avian-malaria

Fig. 1. Malaria parasites belong to the Plasmodiumgenus and infect many types of mammals and birds. Only certain species of mosquitoes carry the parasites. Infected birds are fed on by local mosquitoes that can pass the parasite through future bites.

Related Publications

Coevolutionary patterns and diversification of avian malaria parasites in African Sunbirds (Family Nectariniidae)

Lauron, E. J.; Loiseau, C.; Bowie, R. C.; Spicer, G. S.; Smith, T. B.; Melo, M.; Sehgal, R. N.

Published Work | 2014 | Parasitology 142(5), 635-647

Novel statistical methods for integrating genetic and stable isotope data to infer individual-level migratory connectivity

Rundel, C. W.; Wunder, M. B.; Alvarado, A. H.; Ruegg, K. C.; Harrigan, R.; Schuh, A.; Kelly, J. F.; Siegal, R. B.; DeSante, D. F.; Smith, T. B.; Novembre, J.

Published Work | 2013 | Molecular Ecology 22(16), 4163–4176

Feeding habits of culicine mosquitos in the Cameroon lowland forests based on stable isotopes and blood meal analyses

Njabo, K. Y.; Smith, T. B.; Yohannes, E.

Published Work | 2013 | Journal of Parasitology and Vector Biology 5, 6–12

The ecology of emerging infectious diseases in migratory birds: an assessment of the role of climate change and priorities for future research

Fuller, T.; Bensch, S.; Muller, I.; Novembre, J.; Perez-Tris, J.; Ricklefs, R. E.; Smith, T. B.; Waldenstrom, J.

Published Work | 2012 | EcoHealth 9, 80–88

Host and habitat specialization of avian malaria in Africa

Loiseau, C.; Harrigan, R. J.; Robert, A.; Bowie, R. C.; Thomassen, H. A.; Smith, T. B.

Published Work | 2011 | Molecular Ecology 21(2), 431–441

Nonspecific patterns of vector, host and avian malaria parasite associations in a Central African rainforest

Njabo, K. Y.; Cornel, A. J.; Bonneaud, C.; Toffelmier, E.; Sehgal, R. N.; Valkiunas, G.; Russell, A. F.; Smith, T. B.

Published Work | 2010 | Molecular Ecology 20(5), 1049–1061

Spatially explicit predictions of blood parasites in a widely distributed African rainforest bird

Sehgal, R. N.; Buermann, W.; Harrigan, R. J.; Bonneaud, C.; Loiseau, C.; Chasar, A.; Sepil, I.; Valkiunas, G.; Iezhova, T.; Saatchi, S.; Smith, T. B.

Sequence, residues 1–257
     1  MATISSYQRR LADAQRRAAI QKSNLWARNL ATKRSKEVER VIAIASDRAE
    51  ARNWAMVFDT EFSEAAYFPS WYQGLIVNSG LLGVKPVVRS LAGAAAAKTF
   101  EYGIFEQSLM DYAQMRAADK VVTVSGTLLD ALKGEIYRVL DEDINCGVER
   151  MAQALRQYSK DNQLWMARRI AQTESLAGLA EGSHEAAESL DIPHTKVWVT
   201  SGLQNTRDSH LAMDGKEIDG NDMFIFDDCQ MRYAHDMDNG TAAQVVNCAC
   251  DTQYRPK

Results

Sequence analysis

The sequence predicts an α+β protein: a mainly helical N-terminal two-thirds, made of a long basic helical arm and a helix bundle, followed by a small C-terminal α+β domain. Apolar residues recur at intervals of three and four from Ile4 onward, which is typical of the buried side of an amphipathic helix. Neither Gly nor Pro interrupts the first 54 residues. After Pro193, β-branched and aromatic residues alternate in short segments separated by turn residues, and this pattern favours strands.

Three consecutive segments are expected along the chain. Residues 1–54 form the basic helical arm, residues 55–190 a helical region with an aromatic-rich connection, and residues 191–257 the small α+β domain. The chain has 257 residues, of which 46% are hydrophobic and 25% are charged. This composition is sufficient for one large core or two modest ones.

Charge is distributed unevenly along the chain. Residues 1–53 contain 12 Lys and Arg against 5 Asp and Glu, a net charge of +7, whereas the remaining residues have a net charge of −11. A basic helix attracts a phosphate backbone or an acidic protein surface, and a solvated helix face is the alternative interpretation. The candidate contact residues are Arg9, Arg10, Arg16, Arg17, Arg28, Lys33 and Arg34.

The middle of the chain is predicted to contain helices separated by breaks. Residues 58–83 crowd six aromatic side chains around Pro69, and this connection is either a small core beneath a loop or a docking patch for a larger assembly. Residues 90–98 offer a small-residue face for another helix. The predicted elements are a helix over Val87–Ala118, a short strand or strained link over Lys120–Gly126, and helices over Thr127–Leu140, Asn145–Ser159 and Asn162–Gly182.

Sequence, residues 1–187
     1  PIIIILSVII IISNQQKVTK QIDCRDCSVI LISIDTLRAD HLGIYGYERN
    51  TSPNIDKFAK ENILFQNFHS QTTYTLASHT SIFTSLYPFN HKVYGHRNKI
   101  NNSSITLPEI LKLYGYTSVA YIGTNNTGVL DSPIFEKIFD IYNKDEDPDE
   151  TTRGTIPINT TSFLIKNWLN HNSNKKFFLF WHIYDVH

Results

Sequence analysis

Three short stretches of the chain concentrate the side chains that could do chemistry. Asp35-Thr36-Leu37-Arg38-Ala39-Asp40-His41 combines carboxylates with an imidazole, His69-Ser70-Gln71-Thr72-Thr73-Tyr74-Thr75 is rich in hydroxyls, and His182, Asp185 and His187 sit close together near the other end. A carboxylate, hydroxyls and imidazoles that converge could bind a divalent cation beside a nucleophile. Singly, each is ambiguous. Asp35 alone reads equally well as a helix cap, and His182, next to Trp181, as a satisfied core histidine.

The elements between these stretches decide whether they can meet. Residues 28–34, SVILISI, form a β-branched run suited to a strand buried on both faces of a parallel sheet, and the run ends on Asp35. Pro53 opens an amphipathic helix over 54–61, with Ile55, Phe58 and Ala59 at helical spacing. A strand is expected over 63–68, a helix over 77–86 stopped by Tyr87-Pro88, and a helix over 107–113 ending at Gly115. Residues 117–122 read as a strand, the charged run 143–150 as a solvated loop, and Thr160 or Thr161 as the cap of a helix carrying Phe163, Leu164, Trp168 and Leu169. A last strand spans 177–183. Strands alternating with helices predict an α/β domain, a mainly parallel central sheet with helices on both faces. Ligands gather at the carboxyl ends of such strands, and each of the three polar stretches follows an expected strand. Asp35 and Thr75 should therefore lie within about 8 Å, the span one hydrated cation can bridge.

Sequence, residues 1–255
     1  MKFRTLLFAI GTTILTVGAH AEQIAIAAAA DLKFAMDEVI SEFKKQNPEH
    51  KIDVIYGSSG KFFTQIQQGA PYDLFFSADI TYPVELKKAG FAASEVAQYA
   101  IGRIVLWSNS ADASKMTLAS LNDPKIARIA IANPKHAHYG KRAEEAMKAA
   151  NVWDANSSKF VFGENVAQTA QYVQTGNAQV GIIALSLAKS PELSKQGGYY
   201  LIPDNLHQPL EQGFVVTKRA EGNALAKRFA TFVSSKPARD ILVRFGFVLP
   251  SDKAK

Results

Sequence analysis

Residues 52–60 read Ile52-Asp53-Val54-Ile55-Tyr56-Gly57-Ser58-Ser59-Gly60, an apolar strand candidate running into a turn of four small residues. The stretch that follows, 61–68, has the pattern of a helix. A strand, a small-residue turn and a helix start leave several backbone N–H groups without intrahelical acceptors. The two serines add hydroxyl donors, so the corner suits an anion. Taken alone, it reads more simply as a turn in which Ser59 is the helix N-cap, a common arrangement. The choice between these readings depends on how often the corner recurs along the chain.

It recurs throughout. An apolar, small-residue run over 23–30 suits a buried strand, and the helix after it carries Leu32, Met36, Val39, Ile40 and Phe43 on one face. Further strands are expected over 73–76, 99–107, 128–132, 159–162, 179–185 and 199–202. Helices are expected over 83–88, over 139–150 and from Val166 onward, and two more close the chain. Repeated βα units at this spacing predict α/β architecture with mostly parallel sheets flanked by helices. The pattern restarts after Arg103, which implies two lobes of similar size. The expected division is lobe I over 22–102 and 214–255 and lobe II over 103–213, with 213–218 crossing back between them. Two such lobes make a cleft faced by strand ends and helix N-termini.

Published Work | 2010 | Procedings of the Royal Society B 278, 1025–1033

Spatial variation of haemosporidian parasite infection in African rainforest bird species

Loiseau, C.; Iezhova, T. A.; Balkiunas, G.; Chasar, A.; Hutchinson, A.; Buermann, W.; Smith, T. B.; Sehgal, R. N.

Published Work | 2010 | Journal of Parasitology 96, 21–29

Coquillettidia (Culicidae, Diptera) mosquitoes as new natural vectors of avian malaria in Africa

Njabo, K. Y.; Cornel, A. J.; Sehgal, R. N.; Loiseau, C.; Buermann, W.; Harrigan, R. J.; Pollinger, J.; Valkiūnas, G.; Smith, T. B.

Published Work | 2009 | Malaria Journal 8

The prevalence of avian Plasmodium is higher in undisturbed tropical forests of Cameroon

Bonneaud, C.; Sepil, I.; Milá, B.; Buermann, W.; Pollinger, J.; Sehgal, R. N.; Valkiūnas, G.; Iezhova, T. A.; Saatchi, S.; Smith, T. B.

Published Work | 2009 | Journal of Tropical Ecology 25, 439–447

New malaria parasites of the subgenus Novyella in African rainforest birds, with remarks on their high prevalence, classification and diagnostics

Valkiūnas, G.; Iezhova, T. A.; Loiseau, C.; Chasar, A.; Smith, T. B.; Sehgal, R. N.

Published Work | 2008 | Parasitology Research 104, 1061–1077

Further observations on the blood parasites of birds in Uganda

Valkiunas, G.; Sehgal, R. N.; Iezhova, T. A.; Smith, T. B.

Published Work | 2005 | Journal of Wildlife Diseases 41(3), 580–587

Blood parasites of some West African rainforest birds

Sehgal, R. N.; Jones, H. I.; Smith, T. B.

Published Work | 2005 | Journal of Veterinary Medical Science 67(3), 295–301

A comparative analysis of PCR-based detection methods for avian malaria

Richard, F. A.; Sehgal, R. N.; Jones, H. I.; Smith, T. B.

Published Work | 2002 | Journal of Parasitology 88(4), 819–822